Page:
New Boiler Advice

Discussion in 'Plumbers' Talk' started by Jason Hodgkinson, Dec 18, 2017.

  1. Jason Hodgkinson

    Jason Hodgkinson New Member

    Hi - My old boiler is probably running on borrowed time so I'd like some advice on which type to go for.

    At present we have 4 bedrooms, 1 main bathroom, 2 en-suite shower rooms, 1 cloakroom and 17no radiators.

    The existing boiler is a Powermax 185 which as far as I can see is a traditional boiler with a built in cylinder.
    The boiler is gas fed on and on the top floor of a 3-storey house in an airing cupboard (centrally based, not on an outside wall but the loft space is directly overhead)
    The current system has an F/E tank in the loft directly above.

    The current boiler runs out of hot water fairly quickly when showering, although it reheats quickly, so we'd like something that can cope a little better.

    A couple of people have suggested a combi but from what I'm reading I might be better with a standard heat only with a separate hot water cylinder.

    Any advice would be very helpful and thanks.
     
  2. Wayners

    Wayners Well-Known Member

    Combi. Why would you not get a combi. Get rid of all them tanks with the space. Weight and possible leaks
     
  3. KIAB

    KIAB Well-Known Member

    A large combi (prefered choice) will give you flow, all depends on your mains water pressure though.
    Seen a few houses where they have fitted two smaller combi for same set up as yours.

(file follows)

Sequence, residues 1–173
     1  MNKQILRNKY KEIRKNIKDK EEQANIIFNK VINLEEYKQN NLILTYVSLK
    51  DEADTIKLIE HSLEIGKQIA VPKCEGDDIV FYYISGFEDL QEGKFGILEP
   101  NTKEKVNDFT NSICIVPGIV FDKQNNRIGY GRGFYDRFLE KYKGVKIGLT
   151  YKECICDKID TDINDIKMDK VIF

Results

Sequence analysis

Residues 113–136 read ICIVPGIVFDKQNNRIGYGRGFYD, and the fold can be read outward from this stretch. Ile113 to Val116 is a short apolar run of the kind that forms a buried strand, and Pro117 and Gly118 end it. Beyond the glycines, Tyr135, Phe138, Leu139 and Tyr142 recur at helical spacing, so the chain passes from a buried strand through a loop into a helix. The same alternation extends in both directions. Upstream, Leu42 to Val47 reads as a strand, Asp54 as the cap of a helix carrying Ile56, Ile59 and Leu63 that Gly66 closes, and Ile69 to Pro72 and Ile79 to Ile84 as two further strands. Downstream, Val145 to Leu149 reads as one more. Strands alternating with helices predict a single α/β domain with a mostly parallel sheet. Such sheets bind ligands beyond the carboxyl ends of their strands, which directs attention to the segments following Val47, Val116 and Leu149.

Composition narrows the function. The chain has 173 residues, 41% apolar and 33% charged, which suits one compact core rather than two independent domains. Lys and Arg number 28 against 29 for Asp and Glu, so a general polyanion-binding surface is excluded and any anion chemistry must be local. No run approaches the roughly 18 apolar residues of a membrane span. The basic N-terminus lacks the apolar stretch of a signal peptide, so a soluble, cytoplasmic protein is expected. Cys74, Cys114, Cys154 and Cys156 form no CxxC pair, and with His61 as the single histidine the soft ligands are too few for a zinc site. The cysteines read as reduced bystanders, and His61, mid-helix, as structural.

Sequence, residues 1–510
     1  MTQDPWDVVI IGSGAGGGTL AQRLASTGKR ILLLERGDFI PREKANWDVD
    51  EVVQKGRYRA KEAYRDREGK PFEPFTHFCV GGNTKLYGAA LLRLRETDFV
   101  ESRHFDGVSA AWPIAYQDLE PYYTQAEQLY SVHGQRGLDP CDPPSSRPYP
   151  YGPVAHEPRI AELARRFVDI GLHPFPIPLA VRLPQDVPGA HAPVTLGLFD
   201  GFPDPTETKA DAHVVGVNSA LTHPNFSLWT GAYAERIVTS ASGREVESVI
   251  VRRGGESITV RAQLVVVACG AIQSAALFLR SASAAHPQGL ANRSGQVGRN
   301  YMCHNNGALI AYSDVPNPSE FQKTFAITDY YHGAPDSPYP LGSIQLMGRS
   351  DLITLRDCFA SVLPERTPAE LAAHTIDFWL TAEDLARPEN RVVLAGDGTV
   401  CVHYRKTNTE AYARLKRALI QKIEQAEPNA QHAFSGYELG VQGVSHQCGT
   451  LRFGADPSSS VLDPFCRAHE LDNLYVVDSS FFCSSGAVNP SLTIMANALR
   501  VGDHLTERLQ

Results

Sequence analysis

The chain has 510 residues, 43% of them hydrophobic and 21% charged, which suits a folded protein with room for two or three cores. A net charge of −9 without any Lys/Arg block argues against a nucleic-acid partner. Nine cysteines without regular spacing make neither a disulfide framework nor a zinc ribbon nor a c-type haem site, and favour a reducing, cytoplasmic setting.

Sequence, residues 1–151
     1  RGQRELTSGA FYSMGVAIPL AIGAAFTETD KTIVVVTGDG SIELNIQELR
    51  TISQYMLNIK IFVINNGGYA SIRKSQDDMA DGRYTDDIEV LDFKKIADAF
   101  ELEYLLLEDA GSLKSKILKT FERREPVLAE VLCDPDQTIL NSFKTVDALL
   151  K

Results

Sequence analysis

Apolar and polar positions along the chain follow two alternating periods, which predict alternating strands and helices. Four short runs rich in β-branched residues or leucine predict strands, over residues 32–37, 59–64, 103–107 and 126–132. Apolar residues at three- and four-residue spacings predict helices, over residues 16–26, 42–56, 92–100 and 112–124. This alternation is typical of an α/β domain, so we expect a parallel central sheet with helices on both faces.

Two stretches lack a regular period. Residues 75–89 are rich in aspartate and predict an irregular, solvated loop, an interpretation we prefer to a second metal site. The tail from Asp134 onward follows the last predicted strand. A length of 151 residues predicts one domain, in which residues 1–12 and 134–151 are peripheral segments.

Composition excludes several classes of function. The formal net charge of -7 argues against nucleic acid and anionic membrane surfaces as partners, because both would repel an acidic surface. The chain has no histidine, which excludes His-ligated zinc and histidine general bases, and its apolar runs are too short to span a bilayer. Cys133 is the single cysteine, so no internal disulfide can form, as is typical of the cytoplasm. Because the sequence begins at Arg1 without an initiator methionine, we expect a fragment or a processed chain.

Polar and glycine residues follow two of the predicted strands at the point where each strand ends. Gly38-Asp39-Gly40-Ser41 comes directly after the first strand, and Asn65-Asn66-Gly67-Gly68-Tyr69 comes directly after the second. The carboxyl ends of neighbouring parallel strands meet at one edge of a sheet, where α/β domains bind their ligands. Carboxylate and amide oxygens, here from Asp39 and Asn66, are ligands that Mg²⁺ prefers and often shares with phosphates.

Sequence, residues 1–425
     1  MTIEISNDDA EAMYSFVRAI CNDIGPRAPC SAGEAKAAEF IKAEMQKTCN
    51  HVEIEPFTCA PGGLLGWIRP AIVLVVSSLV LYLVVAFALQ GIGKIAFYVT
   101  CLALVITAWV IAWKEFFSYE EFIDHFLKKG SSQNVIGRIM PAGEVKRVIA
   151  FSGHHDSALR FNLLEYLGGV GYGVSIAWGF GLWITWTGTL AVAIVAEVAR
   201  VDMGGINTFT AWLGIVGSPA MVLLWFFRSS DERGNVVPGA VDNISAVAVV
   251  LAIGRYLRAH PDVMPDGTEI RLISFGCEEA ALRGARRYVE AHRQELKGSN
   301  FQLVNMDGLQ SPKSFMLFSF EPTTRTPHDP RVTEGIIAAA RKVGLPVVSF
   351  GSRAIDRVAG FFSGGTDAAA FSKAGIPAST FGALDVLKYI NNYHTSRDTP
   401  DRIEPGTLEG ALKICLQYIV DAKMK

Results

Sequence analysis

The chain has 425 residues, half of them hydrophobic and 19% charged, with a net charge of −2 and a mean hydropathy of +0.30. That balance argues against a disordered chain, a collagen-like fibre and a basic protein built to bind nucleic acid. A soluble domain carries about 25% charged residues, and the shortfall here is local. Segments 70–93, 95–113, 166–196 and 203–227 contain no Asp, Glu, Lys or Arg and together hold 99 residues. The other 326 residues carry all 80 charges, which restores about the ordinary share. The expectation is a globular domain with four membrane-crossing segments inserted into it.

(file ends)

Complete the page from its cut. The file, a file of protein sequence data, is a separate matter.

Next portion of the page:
Could look at a system boiler with a unvented cylinder,say around 250-300ltrs,allowing 50ltrs per person & 50ltrs spare.
     
  4. Jason Hodgkinson

    Jason Hodgkinson New Member

    Hi Wayners - thanks for the reply - the only reason is the comment I've read a lot that says 'combi would not cope and standard type systems are better for multiple bathrooms'.

    I assume you think a good sized combi would be good here then?
     
  5. Jason Hodgkinson

    Jason Hodgkinson New Member

    Hi Kiab - thanks for the reply. The mains pressure seems ok but how can I know/check for sure?
     
  6. KIAB

    KIAB Well-Known Member

    There is a simple way to accurately measure your water pressure:

    1. Get a water jug (preferably 1 or 2 litres in size)
    2. Get a stopwatch (usually found on most mobile phones)
    3. Place your jug under a tap and turn it on
    4. Time 6 seconds on your stopwatch & turn your tap off.
    5. If you're a whizz at maths, you can do the next bit in your head (or simply use a calculator - found on most mobile phones). Take the amount of water in the jug in litres (e.g. 0.8 litres) and multiply this by 10. This will give you your flow rate in litres per minute (e.g. 0.8 litres x 10 = 8 litres per minute).
    6. If your flow rate is less than 10 litres per minute, you have what is considered low water pressure. Anywhere between 10 - 15 litres per minute is acceptable, but can be improved. A flow above 15 litres per minute is considered good.
     
  7. Wayners

    Wayners Well-Known Member

    Yeah. Big combi. Tanks are a pain and if you get heating leak then it's limited water damage with combi because it's a sealed system opposed to flooding the place continuously.. That swings it for me having seen water coming out a front door
     
    KIAB likes this.
  8. Jason Hodgkinson

    Jason Hodgkinson New Member

    9lts/min then so I am just under the good pressure limit :(
     
  9. KIAB

    KIAB Well-Known Member